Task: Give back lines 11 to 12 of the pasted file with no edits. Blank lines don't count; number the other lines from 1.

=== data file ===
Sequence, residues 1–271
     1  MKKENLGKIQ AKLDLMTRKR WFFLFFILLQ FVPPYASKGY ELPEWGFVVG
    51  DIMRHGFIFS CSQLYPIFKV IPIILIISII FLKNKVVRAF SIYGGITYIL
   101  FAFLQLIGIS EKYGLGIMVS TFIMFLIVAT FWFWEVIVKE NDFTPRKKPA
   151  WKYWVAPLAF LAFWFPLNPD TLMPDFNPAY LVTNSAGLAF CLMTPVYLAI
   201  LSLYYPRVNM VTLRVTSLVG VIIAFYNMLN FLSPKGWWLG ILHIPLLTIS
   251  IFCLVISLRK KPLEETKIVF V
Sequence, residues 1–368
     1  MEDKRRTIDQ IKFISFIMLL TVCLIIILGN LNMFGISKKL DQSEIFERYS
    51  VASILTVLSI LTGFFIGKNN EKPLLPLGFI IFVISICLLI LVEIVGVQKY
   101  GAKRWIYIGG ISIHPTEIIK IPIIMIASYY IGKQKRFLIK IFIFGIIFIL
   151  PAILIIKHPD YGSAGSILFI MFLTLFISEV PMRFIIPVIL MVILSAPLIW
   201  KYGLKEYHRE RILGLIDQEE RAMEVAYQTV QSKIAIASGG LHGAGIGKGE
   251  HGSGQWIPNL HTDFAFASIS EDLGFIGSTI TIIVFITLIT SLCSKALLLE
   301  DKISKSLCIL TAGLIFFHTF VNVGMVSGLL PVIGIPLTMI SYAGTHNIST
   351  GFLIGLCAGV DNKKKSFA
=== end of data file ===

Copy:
   101  GAKRWIYIGG ISIHPTEIIK IPIIMIASYY IGKQKRFLIK IFIFGIIFIL
   151  PAILIIKHPD YGSAGSILFI MFLTLFISEV PMRFIIPVIL MVILSAPLIW